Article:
An anthology of essays, mostly philosophical arguments that use thought experiments with a science fiction flavor. The essays vary a good deal in tone and intended audience. There's even a little fiction, (part of?) a good story by Asimov called "Robot Dreams," and "A Sound of Thunder" by Ray Bradbury. The book is arranged in five sections by topic: one on living in a simulation, one on how to define persons and whether they can have free will, one on robots and cyborgs, one on "ethical issues," ...more
Jan 06, 2016 rated it really liked it
I never thought Sci-Fi and philosophy mixed, but apparently they do. This book is an interesting mix of amazing, mind-bending, Sci-Fi short stories, accompanied by various philosophical essays that discuss themes related to the stories. As the book title implies, the themes range from time travel, superintelligence, what it means to be human, technological advancements, among other interesting bits. If the book title interests you, then I think you'll like it.
Apr 04, 2013 rated it really liked it
Shelves: philosophy
A bit scattered, and I found some contributions to be more worthwhile than others. A few even seemed downright out of place, though I'm forced to concede that they are in fact works of philosophy (even though some may not construe them as such). But overall, the investigations of mind, personhood, time, and ethics, as related to science-fictional tropes and plot devices, is interesting and worthwhile.
John Orman
Nov 16, 2012 rated it really liked it
This interesting book addresses the deep questions of reality, personhood, and ethics. Virtual reality, time travel, artificial intelligence--all are portrayed in terms of common science fiction literary themes.

Are we in the Matrix, or the "real" world? How to know which? From Plato to Asimov to Bradbury, these themes are explored in essays using the backdrop of great works of science fiction.
Apr 22, 2011 rated it did not like it
The science fiction in this book is good, the philosophy isn't bad, but the length and depth of the some of the articles can become dull and boring and seems to drag on forever. I would say read at your own peril, as the thought experiments as presented are interesting, but can get long in the tooth.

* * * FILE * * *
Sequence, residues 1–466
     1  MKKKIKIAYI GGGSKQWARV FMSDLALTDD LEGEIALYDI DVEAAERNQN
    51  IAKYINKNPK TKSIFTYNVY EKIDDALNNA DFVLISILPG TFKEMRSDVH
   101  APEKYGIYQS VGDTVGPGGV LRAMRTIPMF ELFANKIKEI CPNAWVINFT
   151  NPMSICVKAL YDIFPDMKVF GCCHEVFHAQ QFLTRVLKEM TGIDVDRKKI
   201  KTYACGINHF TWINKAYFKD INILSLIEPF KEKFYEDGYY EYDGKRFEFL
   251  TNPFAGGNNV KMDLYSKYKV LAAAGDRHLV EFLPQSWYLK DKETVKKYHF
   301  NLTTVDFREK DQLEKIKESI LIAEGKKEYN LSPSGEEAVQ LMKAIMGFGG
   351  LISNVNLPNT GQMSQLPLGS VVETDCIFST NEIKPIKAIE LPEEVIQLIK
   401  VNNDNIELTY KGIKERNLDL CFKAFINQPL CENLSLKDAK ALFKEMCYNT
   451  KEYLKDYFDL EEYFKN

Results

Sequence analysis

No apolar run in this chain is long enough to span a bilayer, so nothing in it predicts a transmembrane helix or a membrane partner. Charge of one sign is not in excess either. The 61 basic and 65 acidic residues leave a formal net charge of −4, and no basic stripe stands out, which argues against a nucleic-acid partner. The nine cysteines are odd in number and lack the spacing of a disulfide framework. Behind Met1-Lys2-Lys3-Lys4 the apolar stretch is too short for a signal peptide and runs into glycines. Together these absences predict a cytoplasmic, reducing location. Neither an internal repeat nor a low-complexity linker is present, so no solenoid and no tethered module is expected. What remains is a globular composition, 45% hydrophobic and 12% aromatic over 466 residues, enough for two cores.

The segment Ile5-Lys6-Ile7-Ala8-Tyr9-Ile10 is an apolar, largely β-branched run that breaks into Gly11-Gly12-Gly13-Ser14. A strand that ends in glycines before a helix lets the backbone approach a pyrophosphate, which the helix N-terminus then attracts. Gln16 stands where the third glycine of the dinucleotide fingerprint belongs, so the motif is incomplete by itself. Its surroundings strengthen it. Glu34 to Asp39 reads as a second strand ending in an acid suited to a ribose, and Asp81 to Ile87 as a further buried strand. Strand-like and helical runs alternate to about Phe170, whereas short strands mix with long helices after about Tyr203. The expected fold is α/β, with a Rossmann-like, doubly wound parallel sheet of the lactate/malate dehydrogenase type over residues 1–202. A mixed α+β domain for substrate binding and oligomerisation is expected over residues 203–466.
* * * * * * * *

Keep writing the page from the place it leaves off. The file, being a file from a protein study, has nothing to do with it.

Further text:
Jeff Lee
Jul 24, 2011 rated it it was ok
What a boring, tedious book. It's not propagating new ideas about science fiction and mostly recyles themes from science fiction movies ('Minority Report', 'The Matrix). The language is ponderous and difficult to read. Someone like Bill Bryson is needed to revamp this book. A waste of time
Ho Manh
Nov 22, 2016 rated it really liked it
This book is a collection of papers on a wide range of issues in modern philosophy: personal identity, the self, metaphysics of conciousness uploading, the logical possibility of time travel, nature of reality, etc. Immensely accessible and interesting!

Paul Garrett
Dec 15, 2016 rated it liked it
A mixed bag most of which I had either read in other books or papers on AI.
Apr 26, 2011 rated it liked it
The anecdotes from other sources helped alleviate the boredom of the writers own interstitial words.
John Haake
This was a good read for sure. Some of the chapters were a bit too deep for me, others a bit too light-weight. It covered many of the sci-fi topics and mental twists I like thinking about.
Jan 19, 2017 rated it liked it
Few books of its kind
Oct 05, 2012 rated it it was ok
rated it it was amazing
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Adyasha Dash
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Nader Nabil
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Kerry M
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May 13, 2017
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Oct 11, 2017
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Aug 09, 2015
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Nov 26, 2013
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Oct 13, 2018